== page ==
that the fish from which these scales originated may have lacked teeth
or even jaws (Long, 1995). Fossils of denticles which are slightly larger
than normal denticles are known-these may be remains of the early forms
of teeth. A shark may produce tens of thousands of teeth in only a few
years . The teeth of early sharks are often blunted, suggesting that they
were not replaced as often as those of modern sharks (Stephens, 1989;
Perrinne, 1999). The first teeth of cartilaginous fish are known from
the Early Devonian and measure less than 4 mm(Long, 1995).
Sawsharks and sawfish (a type of ray) both possess a saw-like protrusion
from their rostrum (Farino, 1990).
Shark teeth can vary from slender forms adapted for slippery prey to crushing
platforms for marine invertebrates. Species which feed on plankton may
possess small, vestigial teeth. Some species, such as the sawsharks, possess
elongated rostrums to stir sediments and dislodge prey. The elongated
tail of thresher sharks is used to stun prey (Farino, 1990).
There are a number of variations in teeth in modern groups of organisms.
Whale sharks may possess 15,000 small teeth (Allen, 1999). Frilled sharks may possess about 300 teeth, each of which forms from the
fusion of 3 embryonic denticles. In pristiophorid sharks, denticles on
the side of the face have been modified into teeth (Gilbert, p. 50). In
the family Squalidae, the upper teeth may possess 1-7 cusps. Heterodontus
has front teeth which seize prey and back teeth which crush crustaceans.
The majority of the Paleozoic petalodontid sharks had a hypermineralized
homolog of the component of modern shark teeth (Zangerl, 1993).
There was considerable variation in the teeth of fossil sharks.
By the Late Devonian, sharks had evolved a diversity of tooth types including
some with 8 cusps (compared to the two cusps of the earliest known shark
teeth) (Long, 1995). Most sharks possess a homodont set of teeth (all
the teeth have the same shape), but a few sharks possess a heterodont
dentition with sharp tearing teeth in front and crushing teeth located
posteriorly. (Webster, 1974). Some denticles are much larger than the common ones which compose the integumentary surface. These can give the shark a rough appearance as in the bramble shark, spiny dogfish, and some rays. They can also form fin spines in various species, the stingers of stingrays, and the teeth of sawfish. In early shark embryos, developing teeth and denticles are essentially the same (Allen, 1999).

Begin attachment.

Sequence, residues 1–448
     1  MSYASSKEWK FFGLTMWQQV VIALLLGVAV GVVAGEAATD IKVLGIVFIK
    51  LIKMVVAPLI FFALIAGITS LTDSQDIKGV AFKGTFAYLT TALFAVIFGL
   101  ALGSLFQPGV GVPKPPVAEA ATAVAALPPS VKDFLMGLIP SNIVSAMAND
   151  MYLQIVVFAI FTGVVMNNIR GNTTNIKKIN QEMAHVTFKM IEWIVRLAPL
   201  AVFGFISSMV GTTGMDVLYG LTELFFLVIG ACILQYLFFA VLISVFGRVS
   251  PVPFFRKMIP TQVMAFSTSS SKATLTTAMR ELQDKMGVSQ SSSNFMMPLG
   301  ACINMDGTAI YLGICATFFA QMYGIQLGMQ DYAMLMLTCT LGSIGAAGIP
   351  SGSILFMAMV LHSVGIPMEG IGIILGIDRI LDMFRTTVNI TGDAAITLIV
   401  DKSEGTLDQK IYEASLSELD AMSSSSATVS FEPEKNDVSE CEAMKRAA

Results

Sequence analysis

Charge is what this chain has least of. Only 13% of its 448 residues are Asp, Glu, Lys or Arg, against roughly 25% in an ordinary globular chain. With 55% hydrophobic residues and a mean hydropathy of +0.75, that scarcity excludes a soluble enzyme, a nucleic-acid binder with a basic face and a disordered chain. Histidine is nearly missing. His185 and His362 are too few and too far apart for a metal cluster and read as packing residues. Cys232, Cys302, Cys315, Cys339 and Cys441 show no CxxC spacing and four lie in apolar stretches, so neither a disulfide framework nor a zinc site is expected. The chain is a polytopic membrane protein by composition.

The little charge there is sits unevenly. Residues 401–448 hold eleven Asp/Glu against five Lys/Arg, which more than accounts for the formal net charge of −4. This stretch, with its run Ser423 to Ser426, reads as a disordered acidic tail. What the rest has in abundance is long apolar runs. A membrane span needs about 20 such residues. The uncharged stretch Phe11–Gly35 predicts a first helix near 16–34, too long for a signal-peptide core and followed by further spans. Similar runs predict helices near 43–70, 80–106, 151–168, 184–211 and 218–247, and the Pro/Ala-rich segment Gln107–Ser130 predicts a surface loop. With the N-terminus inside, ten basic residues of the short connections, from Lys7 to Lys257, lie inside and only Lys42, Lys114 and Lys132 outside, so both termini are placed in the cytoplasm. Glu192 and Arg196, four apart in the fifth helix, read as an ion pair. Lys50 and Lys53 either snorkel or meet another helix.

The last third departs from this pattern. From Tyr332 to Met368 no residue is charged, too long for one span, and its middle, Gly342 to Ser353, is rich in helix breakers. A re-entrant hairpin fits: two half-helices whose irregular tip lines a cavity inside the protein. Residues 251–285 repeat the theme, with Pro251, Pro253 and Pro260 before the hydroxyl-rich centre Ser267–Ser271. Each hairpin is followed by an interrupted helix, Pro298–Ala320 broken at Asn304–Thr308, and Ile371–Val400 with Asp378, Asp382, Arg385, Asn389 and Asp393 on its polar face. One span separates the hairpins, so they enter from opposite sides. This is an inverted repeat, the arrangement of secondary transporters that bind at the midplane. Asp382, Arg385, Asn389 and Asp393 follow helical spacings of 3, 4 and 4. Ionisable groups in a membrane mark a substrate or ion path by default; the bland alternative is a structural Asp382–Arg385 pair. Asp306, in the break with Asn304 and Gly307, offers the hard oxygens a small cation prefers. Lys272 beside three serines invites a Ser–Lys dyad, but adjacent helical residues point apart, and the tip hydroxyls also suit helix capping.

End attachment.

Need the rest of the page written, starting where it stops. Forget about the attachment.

Cowsharks, catsharks, and horn sharks were among the first modern families to evolve. Horn sharks possess more molar-like teeth in the backs of their mouths (Perrinne, 1999). Mackerel sharks can maintain their body temperatures above that of the surrounding ocean. The upper tail lobe of the thresher shark can be half its body length (Stephens, 1989). The batoids (skates, rays, and their relatives) have diversified into a large number of species—greater than the number of shark species. Rays also vary. Manta rays can reach 22 feet in width and use their prominent cephalic fins to direct water towards their mouths. Two families of rays (the electric rays) can generate electric pulses (Allen, 1999). In all rays, the mouth is positioned ventrally except in the manta ray. In manta rays, the teeth are reduced or absent and gill rakers have been modified for filter feeding. Many rays possess flat teeth. While most skates and rays are extremely flattened, some are less so (such as guitarfish) and some are sharklike in their appearance (such as sawfish) (Moss, 1984).
While many sharks possess a brain weight:body weight ration which is consistent with those of bony fish, some possess ratios which fall into the bird and even mammal range (Moss, 1984). Great white sharks can maintain a body temperature higher than their surroundings (Long, 1995).
In chimeras, the upper jaw is fused to the braincase. One chimera possesses a long snout (Allen, 1999).